Trying to get pregnant? Make sure you know the bottom line on baby-making—what you don't understand can affect your bub-to-be's health.
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Whether or not you’re breastfeeding, eating healthfully is important during those first few postpartum weeks, since your body needs proper nutrients to heal. If you are nursing, eating the recommended 500 extra calories a day is pretty easy to do — you’re hungry! The key is to make sure it’s not all coming from junk food.
In her book Eat Well, Lose Weight While Breastfeeding (Villard Books, 1992), Eileen Behan, R.D., cites studies suggesting that the extra 500 calories (resulting in a total intake of about 2,700 calories per day) may be too much for some women, preventing a steady loss of pregnancy weight. But going below 1,800 calories a day could affect your milk quantity and quality. Before altering your diet now, talk to a registered dietician or your doctor.
Got the blues?
Most women experience “baby blues” sometime in the first weeks following birth. This is a normal part of the postpartum cycle and is characterized by weepiness, irritability and anxiety. It will usually resolve itself within two weeks. However, about 10 percent of new mothers move on from the baby blues to postpartum depression, a more serious condition that may prevent the mother from being able to properly care for herself or her new baby.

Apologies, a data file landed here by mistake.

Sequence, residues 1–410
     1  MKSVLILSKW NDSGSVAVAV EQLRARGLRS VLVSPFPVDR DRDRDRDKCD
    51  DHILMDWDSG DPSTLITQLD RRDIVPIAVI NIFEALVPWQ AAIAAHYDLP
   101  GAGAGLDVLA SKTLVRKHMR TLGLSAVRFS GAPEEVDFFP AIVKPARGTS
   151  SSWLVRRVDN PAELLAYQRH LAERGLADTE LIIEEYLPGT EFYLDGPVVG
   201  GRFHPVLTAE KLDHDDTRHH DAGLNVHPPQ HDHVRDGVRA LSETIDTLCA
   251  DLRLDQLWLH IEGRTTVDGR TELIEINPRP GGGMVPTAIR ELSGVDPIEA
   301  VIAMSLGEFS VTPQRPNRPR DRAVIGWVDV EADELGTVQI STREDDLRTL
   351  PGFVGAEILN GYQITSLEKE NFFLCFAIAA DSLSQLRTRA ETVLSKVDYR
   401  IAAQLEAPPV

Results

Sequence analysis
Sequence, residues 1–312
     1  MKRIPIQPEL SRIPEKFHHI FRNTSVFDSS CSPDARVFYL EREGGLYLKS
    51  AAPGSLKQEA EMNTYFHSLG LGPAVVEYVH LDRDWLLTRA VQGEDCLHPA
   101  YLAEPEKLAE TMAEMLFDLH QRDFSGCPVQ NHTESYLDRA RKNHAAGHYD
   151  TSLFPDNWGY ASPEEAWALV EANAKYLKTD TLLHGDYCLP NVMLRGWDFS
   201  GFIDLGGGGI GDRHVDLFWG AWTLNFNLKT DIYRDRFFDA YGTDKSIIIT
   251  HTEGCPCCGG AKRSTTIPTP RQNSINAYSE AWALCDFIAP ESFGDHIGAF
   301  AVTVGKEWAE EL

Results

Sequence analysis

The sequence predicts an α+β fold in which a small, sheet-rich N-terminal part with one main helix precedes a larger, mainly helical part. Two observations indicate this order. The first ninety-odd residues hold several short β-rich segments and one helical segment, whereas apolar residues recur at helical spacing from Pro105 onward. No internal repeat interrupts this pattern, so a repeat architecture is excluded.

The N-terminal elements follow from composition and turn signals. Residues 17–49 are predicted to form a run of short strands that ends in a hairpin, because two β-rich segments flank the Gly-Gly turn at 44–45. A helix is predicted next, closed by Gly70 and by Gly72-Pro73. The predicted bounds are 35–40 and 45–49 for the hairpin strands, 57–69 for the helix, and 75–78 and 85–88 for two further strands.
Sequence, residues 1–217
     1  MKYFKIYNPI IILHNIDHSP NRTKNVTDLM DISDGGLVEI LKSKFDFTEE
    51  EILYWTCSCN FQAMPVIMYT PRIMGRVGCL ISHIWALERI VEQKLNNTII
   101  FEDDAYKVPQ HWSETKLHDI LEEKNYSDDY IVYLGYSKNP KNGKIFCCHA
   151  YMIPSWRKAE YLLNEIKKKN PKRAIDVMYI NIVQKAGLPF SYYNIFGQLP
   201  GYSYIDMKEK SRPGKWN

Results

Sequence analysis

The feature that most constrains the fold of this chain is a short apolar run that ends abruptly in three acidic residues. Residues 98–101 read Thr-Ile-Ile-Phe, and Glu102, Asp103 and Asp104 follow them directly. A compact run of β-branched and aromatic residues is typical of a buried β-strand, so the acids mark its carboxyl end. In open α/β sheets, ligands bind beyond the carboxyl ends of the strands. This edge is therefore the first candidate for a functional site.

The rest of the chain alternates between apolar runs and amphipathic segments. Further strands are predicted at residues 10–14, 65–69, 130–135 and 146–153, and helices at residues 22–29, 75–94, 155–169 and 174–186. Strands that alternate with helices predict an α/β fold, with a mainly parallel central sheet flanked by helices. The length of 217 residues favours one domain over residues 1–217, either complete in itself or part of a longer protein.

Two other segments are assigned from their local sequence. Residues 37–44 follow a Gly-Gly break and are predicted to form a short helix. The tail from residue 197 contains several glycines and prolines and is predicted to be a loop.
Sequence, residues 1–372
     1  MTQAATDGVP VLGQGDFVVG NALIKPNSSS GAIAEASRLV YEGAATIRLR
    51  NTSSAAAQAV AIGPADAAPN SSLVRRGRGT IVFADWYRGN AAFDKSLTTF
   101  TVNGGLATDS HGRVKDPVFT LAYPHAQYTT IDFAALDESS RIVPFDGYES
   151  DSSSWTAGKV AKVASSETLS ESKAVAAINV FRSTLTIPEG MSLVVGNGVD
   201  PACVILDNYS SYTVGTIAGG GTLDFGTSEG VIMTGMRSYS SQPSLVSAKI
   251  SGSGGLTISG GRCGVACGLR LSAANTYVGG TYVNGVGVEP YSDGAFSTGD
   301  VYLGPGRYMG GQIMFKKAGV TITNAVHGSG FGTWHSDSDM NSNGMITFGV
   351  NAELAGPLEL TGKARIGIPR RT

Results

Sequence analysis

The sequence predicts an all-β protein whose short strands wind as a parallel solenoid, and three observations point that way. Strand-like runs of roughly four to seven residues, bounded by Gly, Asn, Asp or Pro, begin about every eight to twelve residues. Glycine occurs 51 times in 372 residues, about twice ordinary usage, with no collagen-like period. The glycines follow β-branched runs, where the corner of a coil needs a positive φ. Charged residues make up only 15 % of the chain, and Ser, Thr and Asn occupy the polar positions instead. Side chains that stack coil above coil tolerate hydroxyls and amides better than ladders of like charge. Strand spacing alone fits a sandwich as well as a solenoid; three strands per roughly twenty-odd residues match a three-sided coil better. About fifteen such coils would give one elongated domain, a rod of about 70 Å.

“The emotional highs and lows of the postpartum period are most likely the least-prepared-for aspect of the arrival of the new child,” says Tami Jones, M.S.W., a counselor at the Christian Counseling Center in Boise, Idaho. “Visions of sugar plums fade rapidly when faced with the reality of a hungry, crying infant who needs a diaper change at 3 a.m. Realize that feelings of depression, anxiety, guilt and even anger toward the infant are normal for many women. Stop trying to avoid them, and seek out the professional help you need,” she says. “Denial of the problem will only make it worse.”
“Rest when the baby rests” is easier said than done; perhaps “lie down while nursing” is a more realistic recommendation. Some moms swear by freezing meals before the baby is born and keeping a list handy of restaurants that deliver. Another tip: Stay in your nightgown for at least a week to give unexpected visitors the message that you’re still resting.